“That included duties as dog catcher,” he added. “We had this little red van we used when we patrolled for dogs.”

In 2000, Whelan was promoted to lieutenant in charge of training, then was hired as training coordinator for the Rifle Fire Protection District in 2002.

In 2006, Whelan took an 8-month leave of absence to travel to Germany with a church group to work with U.S. soldiers. He was also promoted to fire marshal, the position he held until retiring.

“For my first 15 years as a firefighter, I always joked about how fire prevention officers are the guys who couldn’t cut it as line firefighters,” Whelan said. “But it’s really one of the hardest, because it can be very technical and you have to balance the fire code with the cost to a business or home owner and the local politics of the situation.”

Fire marshals review building plans for new projects, inspect those buildings for compliance to the locally-adopted fire code, educate people about how to prevent fires and investigate fires.

“I know I fought more fires on paper than I ever did in reality,” Whelan said. “Before a building is built, you look at what can start a fire, what can burn, what action brings those two things together and how to reasonably mitigate that.”

Whelan said his goal was always to keep 51 percent of the people he dealt with happy.

“When a building is built and I know it’s built right, that if a fire starts, it will be contained,” Whelan said of his contributions as fire marshal. “That’s a really good feeling.”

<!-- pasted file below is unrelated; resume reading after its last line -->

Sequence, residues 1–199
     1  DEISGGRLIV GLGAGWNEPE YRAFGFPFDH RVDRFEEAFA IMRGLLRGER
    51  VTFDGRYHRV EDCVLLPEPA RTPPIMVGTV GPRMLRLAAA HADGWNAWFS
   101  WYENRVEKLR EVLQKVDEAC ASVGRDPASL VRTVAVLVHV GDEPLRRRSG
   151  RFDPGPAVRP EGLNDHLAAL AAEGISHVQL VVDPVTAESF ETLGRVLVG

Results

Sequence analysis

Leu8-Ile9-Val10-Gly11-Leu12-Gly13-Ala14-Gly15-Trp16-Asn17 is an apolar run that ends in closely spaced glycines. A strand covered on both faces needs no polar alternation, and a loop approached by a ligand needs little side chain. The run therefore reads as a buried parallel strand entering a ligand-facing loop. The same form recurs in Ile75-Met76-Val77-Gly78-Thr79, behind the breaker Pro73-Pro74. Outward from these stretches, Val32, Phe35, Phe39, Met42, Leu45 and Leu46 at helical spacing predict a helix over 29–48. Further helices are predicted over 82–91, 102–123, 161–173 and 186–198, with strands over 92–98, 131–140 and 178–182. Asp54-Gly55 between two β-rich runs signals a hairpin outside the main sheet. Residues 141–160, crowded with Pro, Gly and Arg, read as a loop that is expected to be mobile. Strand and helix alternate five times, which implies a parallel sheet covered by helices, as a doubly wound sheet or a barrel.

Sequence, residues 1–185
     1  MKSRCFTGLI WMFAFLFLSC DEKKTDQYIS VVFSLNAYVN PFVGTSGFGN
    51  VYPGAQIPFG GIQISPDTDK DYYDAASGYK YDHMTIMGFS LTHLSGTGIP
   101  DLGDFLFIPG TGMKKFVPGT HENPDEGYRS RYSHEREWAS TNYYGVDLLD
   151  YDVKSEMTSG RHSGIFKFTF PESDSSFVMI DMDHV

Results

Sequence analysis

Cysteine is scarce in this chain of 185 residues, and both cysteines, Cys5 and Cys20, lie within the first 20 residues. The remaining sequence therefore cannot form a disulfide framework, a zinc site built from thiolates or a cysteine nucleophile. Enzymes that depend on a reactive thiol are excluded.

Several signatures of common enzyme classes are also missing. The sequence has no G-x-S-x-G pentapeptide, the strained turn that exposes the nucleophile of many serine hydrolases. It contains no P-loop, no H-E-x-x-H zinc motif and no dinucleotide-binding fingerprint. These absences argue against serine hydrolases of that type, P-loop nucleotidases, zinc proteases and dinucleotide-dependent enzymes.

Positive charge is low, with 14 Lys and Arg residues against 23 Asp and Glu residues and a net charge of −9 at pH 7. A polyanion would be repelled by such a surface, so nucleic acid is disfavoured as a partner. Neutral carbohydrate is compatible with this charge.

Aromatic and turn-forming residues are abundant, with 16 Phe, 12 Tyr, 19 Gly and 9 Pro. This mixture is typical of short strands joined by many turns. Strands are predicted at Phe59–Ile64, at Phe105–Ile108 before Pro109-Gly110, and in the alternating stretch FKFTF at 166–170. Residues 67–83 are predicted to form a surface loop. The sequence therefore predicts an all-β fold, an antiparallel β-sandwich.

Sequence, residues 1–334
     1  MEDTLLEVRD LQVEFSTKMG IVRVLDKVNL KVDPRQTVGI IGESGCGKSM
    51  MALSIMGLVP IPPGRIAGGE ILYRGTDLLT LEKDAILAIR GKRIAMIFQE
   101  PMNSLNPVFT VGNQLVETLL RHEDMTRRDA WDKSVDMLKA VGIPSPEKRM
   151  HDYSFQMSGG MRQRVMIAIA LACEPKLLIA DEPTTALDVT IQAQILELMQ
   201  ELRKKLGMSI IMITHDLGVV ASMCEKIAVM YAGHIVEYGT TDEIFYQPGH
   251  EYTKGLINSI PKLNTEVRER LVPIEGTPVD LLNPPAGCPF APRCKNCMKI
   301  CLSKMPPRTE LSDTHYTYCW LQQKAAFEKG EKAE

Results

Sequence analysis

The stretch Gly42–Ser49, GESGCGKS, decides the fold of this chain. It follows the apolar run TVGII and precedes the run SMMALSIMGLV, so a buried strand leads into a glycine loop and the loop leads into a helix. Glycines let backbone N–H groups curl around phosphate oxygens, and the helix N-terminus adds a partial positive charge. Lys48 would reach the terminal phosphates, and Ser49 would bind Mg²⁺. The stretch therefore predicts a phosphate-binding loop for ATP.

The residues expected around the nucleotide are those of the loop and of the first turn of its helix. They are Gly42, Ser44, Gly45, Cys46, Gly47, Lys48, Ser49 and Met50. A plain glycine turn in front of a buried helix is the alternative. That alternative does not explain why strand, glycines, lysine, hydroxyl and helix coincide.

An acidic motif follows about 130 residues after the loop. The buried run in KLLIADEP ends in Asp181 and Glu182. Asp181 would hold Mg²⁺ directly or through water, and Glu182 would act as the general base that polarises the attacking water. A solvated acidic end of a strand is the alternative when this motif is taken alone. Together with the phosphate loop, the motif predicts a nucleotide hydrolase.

‘because I think I can’

Whelan said the timing of his retirement felt right, “Because I think I can. We’ve saved enough money and I feel blessed that I can get out of a very physical and stressful job as healthy as I am.”

Another factor was the recent merger of the Rifle district with the former Burning Mountains Fire Protection District, which was renamed the Colorado River Fire Protection District.

“I fully support the direction the district has taken,” Whelan said. “But jobs change and there’s only one fire marshal job in the new district.”

Whelan also noted there are things a firefighter usually doesn’t have time for that he hopes to tackle in retirement.

“Since we’re both fairly young and in good health, Kim and I want to take a 500-mile backpack trip along the Colorado Trail this summer,” he said. “But I’m thinking we may end up packing a mule” to carry provisions, rather than two heavy back packs.

Salmon fishing in Alaska is also on Whelan’s “bucket list,” along with ice fishing.

“My family bought me all the ice fishing gear I need 10 years ago, but I never had time to go until now,” he said.

Training a bird dog for hunting is another planned post-career endeavor.

The Whelans have two children: a daughter, Alex, who is beginning a two-year residency program in the emergency room at a medical center in Oklahoma City, Okla.; and a son, Sam, who graduates from Oklahoma Baptist University in Shawnee, Okla., this year.